Posts Tagged ‘standard of care’

So just what is ‘Defensive Medicine’? The other side of the ‘story’ being told.

Wednesday, July 14th, 2010

There is a recurring theme being pushed on the public that trial lawyers are driving up the cost of healthcare by making doctors so afraid of lawsuits that they are practicing “defensive medicine” in order to protect themselves.  A recent survey reported in the Wall Street Journal indicates that approximately 90% of doctors surveyed believe that doctors order more tests than needed in order to protect themselves from lawsuits, with an estimated $60 billion being spent each year on such unnecessary treatment.  This report must be taken with a grain of salt at best.

First off, what exactly is defensive medicine?  Is it performing medical procedures that are unnecessary? Is it tests to check for diseases that are statistically unlikely?  Is it tests whose results turn out to be negative (and, therefore, deemed not needed in the first place)?  There is no clear-cut definition of what constitutes defensive medicine.  A quick review of the term on Google shows a number of definitions that all boil down to some variation of the following – ordering tests or procedures out of concern to reduce exposure to malpractice suits rather than out of concern for quality patient care, or refusing to treat high-risk patients or undertake high-risk procedures with the same goal in mind.  In other words, it is the doctor’s motivation in ordering a test – and not the appropriateness of the test itself – that apparently defines defensive medicine for the purposes of these studies.

Even if you can define defensive medicine, how is it measured?  By asking subjective questions of the doctors themselves as to how often they believe they practice defensive medicine.  Are doctors keeping track of each order they write over the course of a year?  Are they keeping track of each test or procedure they perform with a notation of the specific motivation that drove them to get each test?  Of course not! This survey does nothing more than capture a doctor’s subjective (and clearly undocumented) “feeling” as to how often defensive medicine is practiced.  And then a dollar figure is thrown in at the end of the study that is supposed to represent the cost of defensive medicine.  However, without a clear definition, and without a clear test for measuring what tests and procedures are being performed unnecessarily, it is impossible to assess a monetary value for defensive medicine or test the validity of the “estimated $60,000,000,000. (Also, given that doctors are the subject of lawsuits, might one reasonably assume that the doctors have a bias in answering these questions?).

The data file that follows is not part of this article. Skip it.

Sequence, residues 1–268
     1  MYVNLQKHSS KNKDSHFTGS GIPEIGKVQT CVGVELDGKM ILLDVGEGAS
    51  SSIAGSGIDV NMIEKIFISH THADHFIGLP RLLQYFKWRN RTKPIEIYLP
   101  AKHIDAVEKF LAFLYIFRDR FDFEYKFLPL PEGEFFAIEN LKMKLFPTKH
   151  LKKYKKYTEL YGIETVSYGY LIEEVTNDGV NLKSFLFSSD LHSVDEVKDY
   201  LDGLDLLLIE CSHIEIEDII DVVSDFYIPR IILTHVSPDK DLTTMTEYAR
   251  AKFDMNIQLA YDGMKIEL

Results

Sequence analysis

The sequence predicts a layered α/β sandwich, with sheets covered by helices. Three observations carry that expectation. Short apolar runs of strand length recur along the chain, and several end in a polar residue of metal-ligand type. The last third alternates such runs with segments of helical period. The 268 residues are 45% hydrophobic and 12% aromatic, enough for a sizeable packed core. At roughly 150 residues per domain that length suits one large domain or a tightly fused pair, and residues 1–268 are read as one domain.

Inherent in this theory of the high costs of defensive medicine is that trial lawyers are constantly bringing frivolous lawsuits that are resulting in million dollar settlements or jury verdicts.  This is simply not the case.  I don’t know any reputable malpractice lawyer who sets out to file frivolous lawsuits.  Those who do should be sanctioned.  At our law firm, we decline the vast majority of inquiries we get from injured patients, which is in line with the experience of other law firms that specialize in medical negligence.  Many of these cases are rejected only after careful review by expert physicians in the field, who tell us that they believe the care was appropriate.  Furthermore, the law in Maryland requires that before a lawsuit can even be filed against a doctor or hospital, the plaintiff must obtain a certificate under oath from an expert in the same field of medicine who, after reviewing the records, has determined that the defendant doctor violated the standard of care and caused injury to the patient.  Frivolous lawsuits cannot even make it past the system’s initial screening stage.

This theory of defensive medicine also leads us to a more fundamental question – what level of care does the law expect of doctors? It is a common misperception that plaintiff’s lawyers expect doctors to perform every available test on every patient, no matter what, or else they’re going to get sued.  Some doctors go to great lengths to perpetuate this myth.  For example, in a recent article on the topic of greedy trial lawyers, a doctor was quoted as saying (and I’m paraphrasing) that if someone comes into an Emergency Department nowadays with a headache, that person is going to get an MRI, a CT scan, you name it.  With all due respect to this doctor, he is wildly exaggerating to make a point.

To answer the question of what is expected for doctors, the law has developed a standard to which health care providers must comply, and that standard is “reasonableness.”  A doctor breaches the standard of care when he or she fails to do what a reasonable physician would have done in the same or similar circumstances.  No more and no less.  The law does not demand perfect care or extraordinary care, and the law does not punish doctors simply because there has been a bad outcome. (There is actually a jury instruction in the District of Columbia called the “Bad Result” instruction that tells jurors they cannot find the doctor liable just because there simply was a bad outcome).  The law only requires that a doctor act reasonably in the circumstances.